The Peacock as a motif has been used in art...Read More
Etymology: They are the second-largest tribal community in India. Bhils of Rajasthan were appointed as ‘Shikaris’ (hunters) by the Rajputs, they are also regarded as the fighter or warrior tribe of Mewar.
Origin: The Bhils are an agricultural community and their entire lives revolve around their farms and lands which plays an intrinsic aspect in their artistic practice and is reflected in their artworks.
Location: Bhils are the second largest populated tribal communities, their areas of occupancy could stretch from Madhya Pradesh to Gujarat, and from Maharashtra to Rajasthan, although the larger part of the community is from Rajasthan.
Relevance: Since the Bhils are an agricultural community, their art is a direct reflection of their lifestyle practice as they extensively use materials such as clay, vegetables, spices, and oils for their art practices.
Significance: The residents of the majority of the Bhils are in areas in Rajasthan, they believe in forest spirits/deities and evil spirits which are part of their tribal folklore. What’s notable is that they were once a nomadic tribe they are hugely into agriculture and farming.
Culture and Societies: Bhils are a ritualistic tribe so their art form is transgenerational wherein the mother figures pass it down to their children, they are also a highly superstitious group.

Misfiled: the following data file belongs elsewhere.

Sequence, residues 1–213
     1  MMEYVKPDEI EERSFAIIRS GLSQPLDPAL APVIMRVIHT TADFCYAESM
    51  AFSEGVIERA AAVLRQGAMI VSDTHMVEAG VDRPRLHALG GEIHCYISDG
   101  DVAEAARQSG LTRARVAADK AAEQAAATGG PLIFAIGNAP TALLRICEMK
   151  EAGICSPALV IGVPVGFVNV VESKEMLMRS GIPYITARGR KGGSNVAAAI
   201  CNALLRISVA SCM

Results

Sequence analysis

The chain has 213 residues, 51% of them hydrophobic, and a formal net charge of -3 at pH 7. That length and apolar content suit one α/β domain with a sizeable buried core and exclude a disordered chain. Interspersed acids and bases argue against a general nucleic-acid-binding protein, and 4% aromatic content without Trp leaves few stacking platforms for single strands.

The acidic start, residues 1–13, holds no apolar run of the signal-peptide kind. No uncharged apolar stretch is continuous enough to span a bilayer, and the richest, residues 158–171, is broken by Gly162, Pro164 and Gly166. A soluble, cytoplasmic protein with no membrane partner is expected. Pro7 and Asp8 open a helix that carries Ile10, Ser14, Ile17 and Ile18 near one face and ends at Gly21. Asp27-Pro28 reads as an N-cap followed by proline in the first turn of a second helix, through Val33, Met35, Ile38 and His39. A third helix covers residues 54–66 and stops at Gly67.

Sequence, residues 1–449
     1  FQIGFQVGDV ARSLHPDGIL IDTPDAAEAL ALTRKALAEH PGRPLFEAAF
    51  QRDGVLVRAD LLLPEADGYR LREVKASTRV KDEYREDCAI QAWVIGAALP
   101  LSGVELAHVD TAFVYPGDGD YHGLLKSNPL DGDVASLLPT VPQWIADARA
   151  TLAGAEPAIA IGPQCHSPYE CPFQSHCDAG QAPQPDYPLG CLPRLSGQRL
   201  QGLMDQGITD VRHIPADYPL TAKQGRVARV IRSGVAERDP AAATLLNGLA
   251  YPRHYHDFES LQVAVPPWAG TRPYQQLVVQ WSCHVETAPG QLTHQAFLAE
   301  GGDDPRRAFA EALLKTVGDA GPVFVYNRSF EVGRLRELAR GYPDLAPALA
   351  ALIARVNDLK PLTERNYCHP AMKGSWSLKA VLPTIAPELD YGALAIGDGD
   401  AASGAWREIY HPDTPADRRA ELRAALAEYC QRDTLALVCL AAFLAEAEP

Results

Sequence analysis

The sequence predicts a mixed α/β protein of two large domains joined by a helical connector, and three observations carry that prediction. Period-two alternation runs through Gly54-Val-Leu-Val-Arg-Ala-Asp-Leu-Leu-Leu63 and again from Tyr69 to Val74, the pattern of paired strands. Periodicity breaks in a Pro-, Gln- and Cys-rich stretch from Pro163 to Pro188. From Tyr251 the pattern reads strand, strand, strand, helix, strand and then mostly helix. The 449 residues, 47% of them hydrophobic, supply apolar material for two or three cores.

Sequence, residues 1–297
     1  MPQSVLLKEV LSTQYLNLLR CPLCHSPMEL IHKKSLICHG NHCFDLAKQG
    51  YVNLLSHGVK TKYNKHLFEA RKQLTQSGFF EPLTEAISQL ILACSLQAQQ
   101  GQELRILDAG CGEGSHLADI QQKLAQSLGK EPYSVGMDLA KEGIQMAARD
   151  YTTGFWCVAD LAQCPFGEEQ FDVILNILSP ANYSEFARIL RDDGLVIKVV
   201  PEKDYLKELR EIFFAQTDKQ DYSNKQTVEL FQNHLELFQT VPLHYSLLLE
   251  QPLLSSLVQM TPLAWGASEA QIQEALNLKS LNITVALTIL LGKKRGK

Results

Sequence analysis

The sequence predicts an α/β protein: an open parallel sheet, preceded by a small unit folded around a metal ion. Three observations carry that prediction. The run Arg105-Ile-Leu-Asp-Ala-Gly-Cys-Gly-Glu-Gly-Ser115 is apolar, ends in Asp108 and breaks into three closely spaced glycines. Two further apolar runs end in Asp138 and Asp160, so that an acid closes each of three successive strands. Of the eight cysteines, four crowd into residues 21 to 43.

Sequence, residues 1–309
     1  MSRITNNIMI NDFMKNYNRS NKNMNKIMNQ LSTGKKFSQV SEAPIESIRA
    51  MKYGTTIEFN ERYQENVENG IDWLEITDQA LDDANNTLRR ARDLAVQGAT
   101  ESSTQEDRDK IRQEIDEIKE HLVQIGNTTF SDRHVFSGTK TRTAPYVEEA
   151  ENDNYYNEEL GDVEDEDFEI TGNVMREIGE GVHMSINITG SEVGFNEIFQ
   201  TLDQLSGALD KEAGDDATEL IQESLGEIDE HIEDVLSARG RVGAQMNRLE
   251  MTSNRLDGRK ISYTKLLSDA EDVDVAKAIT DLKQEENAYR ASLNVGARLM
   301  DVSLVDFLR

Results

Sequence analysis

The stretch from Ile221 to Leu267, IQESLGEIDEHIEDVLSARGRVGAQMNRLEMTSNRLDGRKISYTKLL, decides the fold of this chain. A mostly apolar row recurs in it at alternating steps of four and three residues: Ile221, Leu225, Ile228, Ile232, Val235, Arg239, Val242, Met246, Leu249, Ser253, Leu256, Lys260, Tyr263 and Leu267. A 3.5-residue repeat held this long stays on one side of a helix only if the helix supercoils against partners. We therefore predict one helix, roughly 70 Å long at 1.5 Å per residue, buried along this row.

Religious significance: The themes they create entail stories on religious epics, myths, tribal folklore and many other folklores in animistic creatures.
Style: The subjects for these paintings are large and surreal, and the shapes and creatures are inspired by everyday characters, their mythology, religion, and folklore. Every artist’s rendition is unique and their use of these dotted patterns creates their identity as a Bhil artist.
Central motifs: Depiction of their ancestors and deities, animals, insects, festivities, sun and the moon, legends and lore, births and deaths, and religious occasions.
Most wall painting artists are now internationally displayed artists. The shifts in their art practice started when they chose canvas over clay surfaces and acrylics instead of natural dyes, they even started portraying modern elements such as buses and other transportation in their traditional narrative. Through the changes in mediums and themes, the way they choose to tell their stories has remained unchanged.